Defense Spending Front and Center in Budget Conference | CQ Roll Call

By Megan Scully

As House and Senate negotiators attempt to hammer out a budget agreement this fall, the Pentagon finds itself once again in the crosshairs of a larger political battle over taxes and spending priorities.

In a rare point of agreement between the two chambers, defense spending levels prescribed in the House and Senate budget plans are just over $6 billion apart, a minor difference in a discretionary spending budget of about $1 trillion.

But both chambers blow past the $498.1 billion defense budget cap by about $50 billion — and they get there in very different ways.
To offset the Pentagon’s spending boost in their budget plan, House Republicans sought deeper cuts to discretionary non-defense domestic spending accounts. Senate Democrats, meanwhile, used a higher top-line figure, saying they would make up the savings in later years.

“The starting point in both budget resolutions is they agree on defense but they don’t agree on basically anything else,” said Todd Harrison, a defense budget analyst at the Center for Strategic and Budgetary Assessments. “So how do they negotiate all those other differences, and what does that mean for defense?”
With the two chambers so at odds over those other issues, Harrison sees only one possible conclusion for the Pentagon in this budget conference, which was part of a broader agreement to raise the debt ceiling and reopen the government through a continuing resolution (HR 2775) that expires Jan. 15.

Defense spending levels, he predicts, will be lower than those prescribed by either chamber, either through a budget agreement for fiscal 2014 or by the forcing mechanism known as sequester.
“I’m not very optimistic that this is going to lead to any breakthrough. So if you’re not going to have some sort of a breakthrough deal, then the default is sequester,” Harrison said. “That is the law that is already in place. And without a deal, it can’t be turned off.”

Pushing for Defense

But hawkish lawmakers, including at least one budget conferee, want to make defense more than just a sideshow to the larger political drama.

“People like me are deathly worried that we put our Defense Department on an unsustainable path,” said Republican Sen. Lindsey Graham of South Carolina, one of the Senate negotiators for the budget conference and a vocal member of the Armed Services Committee.

Graham said he wants changes to entitlement spending, which has been unpopular with Democrats. But he also said he would be open to raising revenue in a “responsible way,” including potentially eliminating some tax exemptions, if it means a “real deal” that relieves the pressure on discretionary spending.

Several other moderate Senate Republicans, including John McCain of Arizona, Susan Collins of Maine and Bob Corker of Tennessee, said they hope the budget conference will provide adequate funding for defense and other priorities.

Corker said he believes tackling mandatory spending in combination with providing sequester relief will be a main goal of the conference, given Democrats’ desire to end sequester.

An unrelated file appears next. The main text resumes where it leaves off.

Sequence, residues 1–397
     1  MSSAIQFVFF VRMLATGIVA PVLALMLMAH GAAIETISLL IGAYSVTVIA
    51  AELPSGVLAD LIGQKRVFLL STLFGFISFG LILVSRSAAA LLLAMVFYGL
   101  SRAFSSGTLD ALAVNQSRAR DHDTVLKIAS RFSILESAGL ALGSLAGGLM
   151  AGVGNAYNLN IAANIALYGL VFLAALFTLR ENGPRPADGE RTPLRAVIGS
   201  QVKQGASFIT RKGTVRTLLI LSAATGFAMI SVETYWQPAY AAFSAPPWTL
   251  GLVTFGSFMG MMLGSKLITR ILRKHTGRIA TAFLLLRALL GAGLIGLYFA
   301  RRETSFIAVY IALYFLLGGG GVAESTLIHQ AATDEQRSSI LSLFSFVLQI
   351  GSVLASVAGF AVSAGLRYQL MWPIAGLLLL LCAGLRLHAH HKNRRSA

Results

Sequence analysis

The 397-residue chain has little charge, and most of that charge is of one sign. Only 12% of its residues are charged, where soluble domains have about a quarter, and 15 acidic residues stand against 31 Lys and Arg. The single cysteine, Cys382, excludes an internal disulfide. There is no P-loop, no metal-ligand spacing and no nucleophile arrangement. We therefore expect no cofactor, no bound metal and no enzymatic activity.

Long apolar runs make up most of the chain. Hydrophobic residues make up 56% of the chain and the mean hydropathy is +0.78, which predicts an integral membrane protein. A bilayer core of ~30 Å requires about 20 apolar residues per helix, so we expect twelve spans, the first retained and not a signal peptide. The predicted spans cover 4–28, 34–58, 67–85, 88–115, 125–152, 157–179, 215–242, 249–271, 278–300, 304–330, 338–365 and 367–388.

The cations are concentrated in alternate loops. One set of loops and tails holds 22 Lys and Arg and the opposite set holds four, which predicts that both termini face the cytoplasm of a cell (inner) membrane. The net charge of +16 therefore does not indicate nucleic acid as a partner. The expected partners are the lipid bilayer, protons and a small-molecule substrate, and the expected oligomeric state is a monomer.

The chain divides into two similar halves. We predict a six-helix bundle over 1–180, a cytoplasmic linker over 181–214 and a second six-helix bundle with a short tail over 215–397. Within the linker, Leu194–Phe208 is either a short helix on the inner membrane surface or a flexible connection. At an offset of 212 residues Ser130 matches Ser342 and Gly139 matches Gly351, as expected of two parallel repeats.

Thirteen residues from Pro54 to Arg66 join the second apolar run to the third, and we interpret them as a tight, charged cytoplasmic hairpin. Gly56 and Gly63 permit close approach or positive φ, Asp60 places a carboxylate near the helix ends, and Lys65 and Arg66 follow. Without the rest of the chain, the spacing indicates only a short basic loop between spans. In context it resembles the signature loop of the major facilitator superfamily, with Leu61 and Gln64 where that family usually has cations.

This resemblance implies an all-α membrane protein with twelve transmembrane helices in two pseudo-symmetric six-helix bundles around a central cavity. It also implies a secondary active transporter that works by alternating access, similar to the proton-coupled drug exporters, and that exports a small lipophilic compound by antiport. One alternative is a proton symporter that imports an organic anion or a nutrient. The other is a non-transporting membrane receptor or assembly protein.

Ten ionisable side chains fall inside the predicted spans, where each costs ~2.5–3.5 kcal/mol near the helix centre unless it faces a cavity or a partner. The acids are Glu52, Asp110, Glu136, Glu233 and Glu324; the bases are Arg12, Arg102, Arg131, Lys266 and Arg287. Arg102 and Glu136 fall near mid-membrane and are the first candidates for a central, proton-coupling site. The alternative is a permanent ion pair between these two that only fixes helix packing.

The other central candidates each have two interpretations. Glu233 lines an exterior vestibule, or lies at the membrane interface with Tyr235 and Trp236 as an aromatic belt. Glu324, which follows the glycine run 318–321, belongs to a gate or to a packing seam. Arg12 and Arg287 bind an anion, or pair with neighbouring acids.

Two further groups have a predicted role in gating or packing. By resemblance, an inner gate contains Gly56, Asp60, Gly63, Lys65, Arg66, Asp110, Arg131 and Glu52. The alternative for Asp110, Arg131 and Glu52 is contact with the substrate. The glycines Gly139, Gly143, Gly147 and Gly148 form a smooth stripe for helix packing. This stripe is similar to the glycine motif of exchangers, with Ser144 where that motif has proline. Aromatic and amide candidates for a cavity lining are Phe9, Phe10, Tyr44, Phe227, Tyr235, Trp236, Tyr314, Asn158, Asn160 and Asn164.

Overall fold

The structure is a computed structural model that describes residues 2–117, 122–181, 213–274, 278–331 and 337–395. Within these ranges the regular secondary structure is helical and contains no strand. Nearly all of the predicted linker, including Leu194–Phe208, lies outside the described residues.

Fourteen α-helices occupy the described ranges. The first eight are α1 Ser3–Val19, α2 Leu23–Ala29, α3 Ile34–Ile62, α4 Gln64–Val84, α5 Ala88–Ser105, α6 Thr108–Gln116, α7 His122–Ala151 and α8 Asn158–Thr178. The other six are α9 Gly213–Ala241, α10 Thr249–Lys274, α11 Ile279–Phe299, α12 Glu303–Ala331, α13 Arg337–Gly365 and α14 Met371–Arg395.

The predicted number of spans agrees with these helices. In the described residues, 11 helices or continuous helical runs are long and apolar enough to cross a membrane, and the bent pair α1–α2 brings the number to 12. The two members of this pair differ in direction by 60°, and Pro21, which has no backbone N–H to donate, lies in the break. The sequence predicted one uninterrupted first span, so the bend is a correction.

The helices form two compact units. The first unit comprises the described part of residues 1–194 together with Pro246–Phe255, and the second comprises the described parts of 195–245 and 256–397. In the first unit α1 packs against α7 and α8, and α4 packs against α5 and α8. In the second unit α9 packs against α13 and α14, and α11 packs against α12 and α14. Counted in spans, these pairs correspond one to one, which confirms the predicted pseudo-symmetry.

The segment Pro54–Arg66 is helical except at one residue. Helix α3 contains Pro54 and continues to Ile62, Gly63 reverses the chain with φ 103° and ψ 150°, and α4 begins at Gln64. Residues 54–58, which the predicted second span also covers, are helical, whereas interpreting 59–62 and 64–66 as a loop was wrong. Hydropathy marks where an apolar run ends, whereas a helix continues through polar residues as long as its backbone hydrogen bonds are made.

“There is a lot of desire around here to look at mandatory reforms that are more thoughtful and actually work better for our country over the long haul, so I hope we can take advantage of it,” Corker said.

Sen. Jack Reed of Rhode Island, an appropriator and the No. 2 Democrat on the Senate Armed Services Committee, said he continues to support the Senate budget blueprint. But Reed, who said defense is one of many critical issues that will be discussed during the conference, left the door open for compromise.

“There’s always room for principled discussion,” Reed said.
While a grand bargain has remained elusive for more than two years, Collins said she remains hopeful that it is within reach.
“We did it on this,” Collins said Wednesday night after the two chambers reached a short-term spending deal and raised the debt ceiling.

Pentagon Weighs In

At the Pentagon on Thursday, Defense Secretary Chuck Hagel said the continuing resolution may have allowed the government to reopen, but did not remove the “shadow of uncertainty” lurking above his department.

Sequestration, Hagel said, remains the law of the land. And on top of that, the department must now contend with the constraints of a continuing resolution, which does not allow the Pentagon to start new contracts and otherwise limits spending for programs to last year’s levels.

Hagel called on Congress to craft a “balanced, long-term spending bill,” but said he didn’t know whether lawmakers can reach an agreement to end sequestration. The department, he said, continues to plan for a range of scenarios.

Pentagon comptroller Robert F. Hale said the department will likely spend at slower rates than the continuing resolution allows, in case sequestration remains in place in January.
In a Thursday letter to the leaders of the House and Senate Budget Committees, the National Defense Industrial Association called on lawmakers to provide stable funding for the Defense Department.

“We hope your conference committee foreshadows a return to the regular order in the adoption of a joint budget and appropriations measures,” according to the letter. “Neither our military nor defense industry can cope with the levels of uncertainty we have faced for the past few years.”

The NDIA letter acknowledged that defense cuts must be part of any deficit-reduction proposal, but stressed that spending bills must provide “certainty and flexibility.”

“Sequestration makes both impossible,” the letter stated.

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